Deadwood, South Dakota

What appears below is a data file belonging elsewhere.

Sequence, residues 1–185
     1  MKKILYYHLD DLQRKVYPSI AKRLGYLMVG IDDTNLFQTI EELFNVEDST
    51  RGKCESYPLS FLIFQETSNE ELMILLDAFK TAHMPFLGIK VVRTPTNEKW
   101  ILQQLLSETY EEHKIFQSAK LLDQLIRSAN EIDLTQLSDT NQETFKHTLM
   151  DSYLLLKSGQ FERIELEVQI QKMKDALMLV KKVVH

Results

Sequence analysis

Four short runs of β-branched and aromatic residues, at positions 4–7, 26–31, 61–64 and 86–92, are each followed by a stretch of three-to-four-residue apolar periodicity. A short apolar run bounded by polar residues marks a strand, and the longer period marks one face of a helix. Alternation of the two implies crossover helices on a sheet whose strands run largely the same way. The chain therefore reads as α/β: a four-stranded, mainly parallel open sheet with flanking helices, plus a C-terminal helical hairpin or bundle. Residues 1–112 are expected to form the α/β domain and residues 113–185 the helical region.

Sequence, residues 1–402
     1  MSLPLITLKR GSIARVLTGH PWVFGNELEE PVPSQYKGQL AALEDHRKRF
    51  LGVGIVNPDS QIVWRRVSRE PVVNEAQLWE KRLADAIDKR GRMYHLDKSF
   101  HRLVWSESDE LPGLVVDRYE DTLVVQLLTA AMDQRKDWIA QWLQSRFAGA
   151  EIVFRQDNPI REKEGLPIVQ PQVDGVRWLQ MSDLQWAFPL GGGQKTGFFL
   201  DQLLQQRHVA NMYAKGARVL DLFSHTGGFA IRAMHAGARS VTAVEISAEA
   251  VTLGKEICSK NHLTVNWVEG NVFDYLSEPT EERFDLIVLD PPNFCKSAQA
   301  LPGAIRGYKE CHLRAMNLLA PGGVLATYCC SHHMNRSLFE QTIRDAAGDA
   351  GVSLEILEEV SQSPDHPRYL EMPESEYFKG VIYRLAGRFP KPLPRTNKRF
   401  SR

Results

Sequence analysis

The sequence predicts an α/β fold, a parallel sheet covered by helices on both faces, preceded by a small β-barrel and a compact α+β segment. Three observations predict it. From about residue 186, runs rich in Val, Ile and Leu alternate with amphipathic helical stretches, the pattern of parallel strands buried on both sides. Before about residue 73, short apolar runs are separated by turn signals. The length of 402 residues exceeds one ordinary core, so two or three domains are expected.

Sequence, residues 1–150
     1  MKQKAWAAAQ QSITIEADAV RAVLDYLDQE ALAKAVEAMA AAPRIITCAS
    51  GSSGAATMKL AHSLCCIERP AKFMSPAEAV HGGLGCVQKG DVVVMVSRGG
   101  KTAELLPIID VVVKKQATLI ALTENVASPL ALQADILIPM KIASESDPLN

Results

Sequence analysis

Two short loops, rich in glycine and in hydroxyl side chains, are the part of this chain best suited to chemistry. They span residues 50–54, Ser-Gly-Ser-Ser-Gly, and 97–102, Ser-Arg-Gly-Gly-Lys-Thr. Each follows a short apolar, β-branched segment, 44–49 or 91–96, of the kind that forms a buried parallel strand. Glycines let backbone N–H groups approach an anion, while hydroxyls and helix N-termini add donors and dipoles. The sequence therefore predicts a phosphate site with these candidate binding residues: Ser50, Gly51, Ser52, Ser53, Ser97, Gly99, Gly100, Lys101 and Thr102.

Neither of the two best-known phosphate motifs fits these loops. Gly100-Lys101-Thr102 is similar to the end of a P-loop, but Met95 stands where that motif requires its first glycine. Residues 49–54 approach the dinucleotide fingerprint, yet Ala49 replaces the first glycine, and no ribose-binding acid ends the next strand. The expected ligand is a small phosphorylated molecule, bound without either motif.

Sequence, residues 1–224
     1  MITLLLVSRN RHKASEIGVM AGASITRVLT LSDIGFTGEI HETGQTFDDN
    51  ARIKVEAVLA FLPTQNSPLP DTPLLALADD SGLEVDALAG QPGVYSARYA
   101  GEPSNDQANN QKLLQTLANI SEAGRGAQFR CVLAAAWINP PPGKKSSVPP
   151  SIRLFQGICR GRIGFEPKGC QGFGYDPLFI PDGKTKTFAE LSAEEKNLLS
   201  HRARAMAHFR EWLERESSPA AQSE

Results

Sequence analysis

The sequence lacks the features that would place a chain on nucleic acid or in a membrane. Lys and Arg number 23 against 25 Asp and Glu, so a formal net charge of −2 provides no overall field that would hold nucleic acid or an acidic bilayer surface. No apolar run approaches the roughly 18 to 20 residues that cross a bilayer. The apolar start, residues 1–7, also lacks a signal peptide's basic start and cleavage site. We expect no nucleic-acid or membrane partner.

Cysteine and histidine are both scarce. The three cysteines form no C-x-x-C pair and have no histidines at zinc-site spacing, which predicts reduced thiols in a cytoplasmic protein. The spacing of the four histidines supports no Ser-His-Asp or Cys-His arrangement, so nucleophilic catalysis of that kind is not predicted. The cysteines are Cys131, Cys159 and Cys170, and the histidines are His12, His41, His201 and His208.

Deadwood started off illegally, as its location was, at the beginning of its history, part of Native American territory. The Treaty of Laramie of 1868 had guaranteed ownership of the Black Hills to the Lakota people. However, in 1874, Colonel George Armstrong Custer led an expedition into the Hills and announced the discovery of gold on French Creek near present-day Custer, South Dakota. Custer’s announcement triggered the Black Hills Gold Rush and gave rise to the lawless town of Deadwood, which quickly reached a population of around 5,000. In early 1876, frontiersman Charlie Utter and his brother Steve led a wagon train to Deadwood containing what were deemed to be needed commodities to bolster business, including gamblers and prostitutes, which proved to be a profitable venture. Demand for women was high, and the business of prostitution proved to be a good market. Madam Dora DuFran would eventually become the most profitable brothel owner in Deadwood, closely followed by Madam Mollie Johnson. Businessman Tom Miller opened the Bella Union Saloon in September of that year.